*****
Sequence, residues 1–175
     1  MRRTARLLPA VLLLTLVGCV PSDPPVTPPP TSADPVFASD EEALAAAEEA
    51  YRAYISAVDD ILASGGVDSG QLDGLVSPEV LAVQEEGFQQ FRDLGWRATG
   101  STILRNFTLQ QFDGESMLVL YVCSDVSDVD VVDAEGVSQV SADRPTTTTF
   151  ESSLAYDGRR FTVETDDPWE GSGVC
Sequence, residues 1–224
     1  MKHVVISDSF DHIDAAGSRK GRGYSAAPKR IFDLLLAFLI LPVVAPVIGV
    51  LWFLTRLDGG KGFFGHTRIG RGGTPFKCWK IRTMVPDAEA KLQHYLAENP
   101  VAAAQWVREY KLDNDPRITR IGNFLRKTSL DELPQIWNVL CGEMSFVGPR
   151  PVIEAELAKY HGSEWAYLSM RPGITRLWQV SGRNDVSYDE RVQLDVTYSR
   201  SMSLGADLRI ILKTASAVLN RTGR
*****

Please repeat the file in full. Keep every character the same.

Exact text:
Sequence, residues 1–175
     1  MRRTARLLPA VLLLTLVGCV PSDPPVTPPP TSADPVFASD EEALAAAEEA
    51  YRAYISAVDD ILASGGVDSG QLDGLVSPEV LAVQEEGFQQ FRDLGWRATG
   101  STILRNFTLQ QFDGESMLVL YVCSDVSDVD VVDAEGVSQV SADRPTTTTF
   151  ESSLAYDGRR FTVETDDPWE GSGVC
Sequence, residues 1–224
     1  MKHVVISDSF DHIDAAGSRK GRGYSAAPKR IFDLLLAFLI LPVVAPVIGV
    51  LWFLTRLDGG KGFFGHTRIG RGGTPFKCWK IRTMVPDAEA KLQHYLAENP
   101  VAAAQWVREY KLDNDPRITR IGNFLRKTSL DELPQIWNVL CGEMSFVGPR
   151  PVIEAELAKY HGSEWAYLSM RPGITRLWQV SGRNDVSYDE RVQLDVTYSR
   201  SMSLGADLRI ILKTASAVLN RTGR